Transcranial Direct Electrical Stimulation for Hand Function in a Stroke Patient With Severe Upper Limb Paralysis due to Lenticulostriate Artery Occlusion

A Case Report

Koichiro Hirayama; Takeshi Fuchigami; Shu Morioka


J Med Case Reports. 2021;15(582) 

In This Article

Abstract and Introduction


Background: Transcranial direct current stimulation, a therapeutic modality to modulate the excitability of injured and uninjured brain hemispheres in stroke patients, is expected to be effective in treating upper limb paralysis. We describe the use of transcranial direct current stimulation to improve the function and frequency of use of the paralyzed hand of a patient with lenticulostriate artery occlusion.

Case Presentation: A Japanese man in his fifties developed a left internal hindfoot perforator branch infarction owing to lenticulostriate artery occlusion, and presented with severe right upper and lower limb paralysis. Multiple interventions for the paralyzed hand, primarily robot therapy, did not noticeably change his hand function or frequency of use in daily life. Therefore, transcranial direct current stimulation was used in combination with upper limb functional exercises for 20 minutes a day, five times a week, for 6 weeks. Consequently, scores for the hand items of the Fugl–Meyer Assessment of the upper extremities improved, and pain and subluxation around the shoulder joint were reduced. Furthermore, the frequency of use and the quality of movement of the paralyzed hand were improved.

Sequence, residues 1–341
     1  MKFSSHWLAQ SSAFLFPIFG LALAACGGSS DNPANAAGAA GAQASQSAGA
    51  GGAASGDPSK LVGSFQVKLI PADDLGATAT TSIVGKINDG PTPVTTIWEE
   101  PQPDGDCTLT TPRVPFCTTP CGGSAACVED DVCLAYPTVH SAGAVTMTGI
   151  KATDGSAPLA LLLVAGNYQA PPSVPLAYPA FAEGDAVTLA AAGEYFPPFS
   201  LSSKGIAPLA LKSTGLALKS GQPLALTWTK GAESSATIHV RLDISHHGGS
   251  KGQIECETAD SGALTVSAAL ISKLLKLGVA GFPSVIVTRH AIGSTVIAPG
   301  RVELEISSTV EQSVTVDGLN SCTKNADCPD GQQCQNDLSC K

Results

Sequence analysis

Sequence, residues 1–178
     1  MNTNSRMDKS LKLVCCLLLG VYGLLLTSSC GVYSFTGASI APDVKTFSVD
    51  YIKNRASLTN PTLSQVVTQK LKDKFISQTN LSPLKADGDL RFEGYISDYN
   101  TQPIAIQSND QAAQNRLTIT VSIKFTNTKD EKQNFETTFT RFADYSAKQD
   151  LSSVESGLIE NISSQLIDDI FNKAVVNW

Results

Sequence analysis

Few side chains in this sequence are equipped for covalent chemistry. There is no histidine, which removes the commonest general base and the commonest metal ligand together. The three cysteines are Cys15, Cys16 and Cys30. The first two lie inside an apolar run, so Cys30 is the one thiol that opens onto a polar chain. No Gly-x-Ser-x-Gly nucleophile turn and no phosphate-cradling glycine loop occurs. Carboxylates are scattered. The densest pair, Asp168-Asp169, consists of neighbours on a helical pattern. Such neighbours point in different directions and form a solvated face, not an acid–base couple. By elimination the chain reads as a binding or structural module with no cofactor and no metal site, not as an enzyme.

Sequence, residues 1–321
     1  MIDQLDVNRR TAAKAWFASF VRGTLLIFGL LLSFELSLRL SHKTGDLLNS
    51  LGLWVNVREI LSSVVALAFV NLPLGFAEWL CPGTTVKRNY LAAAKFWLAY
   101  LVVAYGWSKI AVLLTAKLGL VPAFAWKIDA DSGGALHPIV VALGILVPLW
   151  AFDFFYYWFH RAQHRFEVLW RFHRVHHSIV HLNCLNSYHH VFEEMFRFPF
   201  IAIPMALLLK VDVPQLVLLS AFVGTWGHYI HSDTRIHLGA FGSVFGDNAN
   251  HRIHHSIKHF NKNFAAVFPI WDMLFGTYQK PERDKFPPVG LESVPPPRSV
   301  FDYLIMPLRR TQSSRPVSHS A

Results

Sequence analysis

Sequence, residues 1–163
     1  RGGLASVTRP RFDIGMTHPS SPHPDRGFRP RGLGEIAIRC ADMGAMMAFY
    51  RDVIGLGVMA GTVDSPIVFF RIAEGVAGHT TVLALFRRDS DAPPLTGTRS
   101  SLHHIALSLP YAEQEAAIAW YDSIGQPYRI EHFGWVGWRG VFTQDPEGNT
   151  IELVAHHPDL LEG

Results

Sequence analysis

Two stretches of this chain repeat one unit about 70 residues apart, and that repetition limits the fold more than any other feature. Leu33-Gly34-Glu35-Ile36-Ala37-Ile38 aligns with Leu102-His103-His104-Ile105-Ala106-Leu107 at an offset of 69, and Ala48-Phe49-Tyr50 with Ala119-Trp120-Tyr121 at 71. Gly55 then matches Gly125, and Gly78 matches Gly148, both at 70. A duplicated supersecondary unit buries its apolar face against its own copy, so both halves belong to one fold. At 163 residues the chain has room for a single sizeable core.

Conclusions: Upper limb functional training and transcranial direct current stimulation improved the function and frequency of use of the paralyzed hand in a stroke patient with severe upper limb paralysis, suggesting that this combined intervention could effectively improve hand function in patients with severe upper limb paralysis.